Self-care is a buzz word at the moment, but what is it really all about? It sounds a little bit indulgent, perhaps even selfish, doesn’t it? Surely it can’t be right to focus energy on ourselves instead of giving our all to others – especially when we have young families and work responsibilities to take care of?

Well, as we’ve been exploring on the blog in recent weeks, learning how to successfully balance work and family priorities takes vision, preparation and practice. But it also needs us to be on top of our game. Dealing with competing demands on our time and resources requires us to be in top condition – both physically and mentally. Spending quality time on our own health and happiness is the key to avoiding burnout and overwhelm. The better we feel, the better we perform, and the better we can take care of our other responsibilities. Self-care is not a fluffy self-indulgence therefore, but a necessary strategy for making a success of career and family life.

If you struggle with self-care, here are some tips to help. Start practising every day. Adopting a self-care strategy now will pay dividends when the time comes to have a family in the future. Here are 8 top self-care tips to get you started:

 

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1.  Schedule daily time for reflection. 

However busy your life is, make time to regularly check in with yourself; a few minutes of stillness a day where you can quietly assess how you are doing. What is working for you and what are you struggling with? Do you need to make any adjustments to your routine?

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2. Make exercise a habit.

You don’t need to become a triathlete overnight (or ever!). The key is to exercise little and often so that it becomes an easy and enjoyable part of your lifestyle. Work out with a friend or personal trainer for added motivation and make sure you enjoy your chosen activities. Don’t force yourself to go to the gym if you would prefer a game of Frisbee with friends – both will work. Not only will you feel fitter, but also happier as your body starts releasing lots of lovely endorphins.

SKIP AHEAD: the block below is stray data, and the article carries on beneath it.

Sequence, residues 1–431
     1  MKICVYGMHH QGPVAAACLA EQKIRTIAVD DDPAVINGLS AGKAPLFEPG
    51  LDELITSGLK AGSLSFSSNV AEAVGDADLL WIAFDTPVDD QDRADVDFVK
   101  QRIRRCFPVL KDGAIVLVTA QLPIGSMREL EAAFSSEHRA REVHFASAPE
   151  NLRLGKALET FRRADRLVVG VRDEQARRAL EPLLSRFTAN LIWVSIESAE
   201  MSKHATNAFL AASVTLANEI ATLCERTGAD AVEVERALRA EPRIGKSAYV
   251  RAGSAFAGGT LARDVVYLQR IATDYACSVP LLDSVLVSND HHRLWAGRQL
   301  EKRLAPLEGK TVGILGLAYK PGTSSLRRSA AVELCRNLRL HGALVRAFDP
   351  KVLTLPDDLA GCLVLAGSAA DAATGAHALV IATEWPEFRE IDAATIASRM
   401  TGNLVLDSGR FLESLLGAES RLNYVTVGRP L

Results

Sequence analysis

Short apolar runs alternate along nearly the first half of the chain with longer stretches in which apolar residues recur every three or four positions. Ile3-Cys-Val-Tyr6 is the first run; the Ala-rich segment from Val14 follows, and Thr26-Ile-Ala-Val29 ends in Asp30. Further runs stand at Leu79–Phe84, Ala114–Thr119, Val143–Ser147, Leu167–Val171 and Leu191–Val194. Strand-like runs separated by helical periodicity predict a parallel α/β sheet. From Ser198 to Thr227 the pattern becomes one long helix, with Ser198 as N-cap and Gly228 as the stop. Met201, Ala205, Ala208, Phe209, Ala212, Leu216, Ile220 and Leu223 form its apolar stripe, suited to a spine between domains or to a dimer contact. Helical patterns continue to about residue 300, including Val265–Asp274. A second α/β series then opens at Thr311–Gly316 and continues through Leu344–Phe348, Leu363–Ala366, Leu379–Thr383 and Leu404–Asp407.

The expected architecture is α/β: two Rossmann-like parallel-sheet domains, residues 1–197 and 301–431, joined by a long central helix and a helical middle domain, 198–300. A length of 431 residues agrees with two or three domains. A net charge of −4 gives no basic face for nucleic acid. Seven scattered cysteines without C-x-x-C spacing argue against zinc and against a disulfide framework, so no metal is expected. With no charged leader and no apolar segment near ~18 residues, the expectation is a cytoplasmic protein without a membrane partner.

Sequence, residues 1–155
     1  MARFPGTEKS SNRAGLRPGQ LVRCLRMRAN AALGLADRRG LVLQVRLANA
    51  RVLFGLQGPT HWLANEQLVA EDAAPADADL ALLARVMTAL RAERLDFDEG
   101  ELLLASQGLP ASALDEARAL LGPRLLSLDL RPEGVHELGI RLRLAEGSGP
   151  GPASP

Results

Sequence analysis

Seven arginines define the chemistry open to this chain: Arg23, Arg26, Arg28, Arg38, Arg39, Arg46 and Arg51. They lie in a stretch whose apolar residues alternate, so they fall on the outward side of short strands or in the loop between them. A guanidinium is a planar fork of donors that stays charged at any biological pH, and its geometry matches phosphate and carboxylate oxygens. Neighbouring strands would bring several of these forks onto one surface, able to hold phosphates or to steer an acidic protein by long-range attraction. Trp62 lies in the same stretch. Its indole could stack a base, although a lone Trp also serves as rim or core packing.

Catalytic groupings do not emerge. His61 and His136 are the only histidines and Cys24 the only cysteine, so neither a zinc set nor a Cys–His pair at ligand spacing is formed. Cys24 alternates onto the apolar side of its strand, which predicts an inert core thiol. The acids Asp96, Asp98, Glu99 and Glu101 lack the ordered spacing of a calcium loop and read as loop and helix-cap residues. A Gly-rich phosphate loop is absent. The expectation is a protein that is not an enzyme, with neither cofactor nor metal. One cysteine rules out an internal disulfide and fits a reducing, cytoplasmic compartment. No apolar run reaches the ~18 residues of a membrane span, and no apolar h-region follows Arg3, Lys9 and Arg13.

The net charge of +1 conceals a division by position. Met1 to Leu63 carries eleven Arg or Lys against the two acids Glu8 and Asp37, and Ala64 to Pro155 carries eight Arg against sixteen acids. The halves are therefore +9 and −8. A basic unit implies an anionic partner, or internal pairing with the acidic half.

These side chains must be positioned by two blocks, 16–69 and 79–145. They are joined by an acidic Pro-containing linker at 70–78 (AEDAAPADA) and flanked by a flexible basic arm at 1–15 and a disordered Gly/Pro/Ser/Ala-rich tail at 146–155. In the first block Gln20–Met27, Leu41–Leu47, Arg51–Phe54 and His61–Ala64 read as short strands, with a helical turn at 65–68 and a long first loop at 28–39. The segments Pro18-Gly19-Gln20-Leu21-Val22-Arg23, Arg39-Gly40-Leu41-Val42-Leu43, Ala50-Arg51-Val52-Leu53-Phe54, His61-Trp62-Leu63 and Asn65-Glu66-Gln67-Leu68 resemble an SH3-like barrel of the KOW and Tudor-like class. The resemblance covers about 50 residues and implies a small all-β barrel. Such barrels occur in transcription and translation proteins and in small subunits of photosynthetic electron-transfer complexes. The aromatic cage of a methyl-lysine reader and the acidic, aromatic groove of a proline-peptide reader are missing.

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3. Eat for health and happiness.

We all know that the best diet is full of unprocessed food, plenty of fresh fruits and vegetables and is low in saturated fats, sugar and salt. When we are tired, feeling run down, or stressed, we often crave ‘quick-fix’ foods and drinks – sweet or fatty snacks, caffeine or alcohol. We can end up in a vicious cycle where these substances make us feel worse in the long run, more fatigued or more anxious, and so we feel we need more of them. To avoid this, plan ahead. Don’t keep unhealthy snack foods in the house if you’re likely to be tempted and make sure you have a larder stocked with nuts, raw veg and fruit for snacking. Nutritious food will obviously have a beneficial effect on your weight and health, but also on your mood. Studies  suggest that a diet of fresh fruit, vegetables, whole-grains, nuts, legumes and pulses, unprocessed foods and foods that are high in omega 3 oils and selenium can help keep your brain healthy and anxiety and depression at bay. Now I know it’s hard to be good all the time! But I find that having a simple set of rules for my diet that I follow 90+ per cent. of the time, is enough to keep me healthy and happy. Why not create your own? Use mine for inspiration!

CLICK HERE TO GET INSPIRATION FROM MY

SELF-CARE RULES FOR EATING

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4. Get some rest.